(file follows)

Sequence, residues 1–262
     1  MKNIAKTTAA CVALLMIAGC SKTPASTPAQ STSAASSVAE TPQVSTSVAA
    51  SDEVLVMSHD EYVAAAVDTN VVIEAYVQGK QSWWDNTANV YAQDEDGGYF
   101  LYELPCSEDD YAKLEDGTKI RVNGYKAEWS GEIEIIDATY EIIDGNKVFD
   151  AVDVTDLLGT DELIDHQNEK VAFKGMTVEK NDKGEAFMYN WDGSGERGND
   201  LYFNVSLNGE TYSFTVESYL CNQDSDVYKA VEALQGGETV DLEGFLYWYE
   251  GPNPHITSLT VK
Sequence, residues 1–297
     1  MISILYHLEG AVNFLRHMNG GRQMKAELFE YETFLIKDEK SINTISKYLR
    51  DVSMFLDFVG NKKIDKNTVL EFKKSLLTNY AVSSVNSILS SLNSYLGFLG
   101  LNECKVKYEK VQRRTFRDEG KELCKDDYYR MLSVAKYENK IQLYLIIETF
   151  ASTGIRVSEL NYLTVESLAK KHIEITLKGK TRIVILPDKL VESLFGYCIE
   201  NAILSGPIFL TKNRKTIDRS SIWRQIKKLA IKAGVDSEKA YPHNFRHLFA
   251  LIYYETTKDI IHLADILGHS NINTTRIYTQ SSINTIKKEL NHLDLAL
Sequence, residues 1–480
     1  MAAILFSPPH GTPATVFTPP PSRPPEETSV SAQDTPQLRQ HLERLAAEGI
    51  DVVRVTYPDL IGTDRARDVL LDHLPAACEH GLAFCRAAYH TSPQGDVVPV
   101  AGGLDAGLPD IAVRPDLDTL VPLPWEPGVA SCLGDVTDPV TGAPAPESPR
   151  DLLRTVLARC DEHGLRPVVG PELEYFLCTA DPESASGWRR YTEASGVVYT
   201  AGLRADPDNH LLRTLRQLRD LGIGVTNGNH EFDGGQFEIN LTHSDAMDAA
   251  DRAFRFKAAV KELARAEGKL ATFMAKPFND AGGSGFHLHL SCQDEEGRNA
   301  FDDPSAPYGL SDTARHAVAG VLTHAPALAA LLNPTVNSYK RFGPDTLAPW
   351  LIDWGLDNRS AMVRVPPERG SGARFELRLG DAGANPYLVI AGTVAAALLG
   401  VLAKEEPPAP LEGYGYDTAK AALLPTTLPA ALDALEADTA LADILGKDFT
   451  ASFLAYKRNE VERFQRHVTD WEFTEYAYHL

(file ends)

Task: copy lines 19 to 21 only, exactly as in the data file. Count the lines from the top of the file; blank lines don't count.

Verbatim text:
   151  DLLRTVLARC DEHGLRPVVG PELEYFLCTA DPESASGWRR YTEASGVVYT
   201  AGLRADPDNH LLRTLRQLRD LGIGVTNGNH EFDGGQFEIN LTHSDAMDAA
   251  DRAFRFKAAV KELARAEGKL ATFMAKPFND AGGSGFHLHL SCQDEEGRNA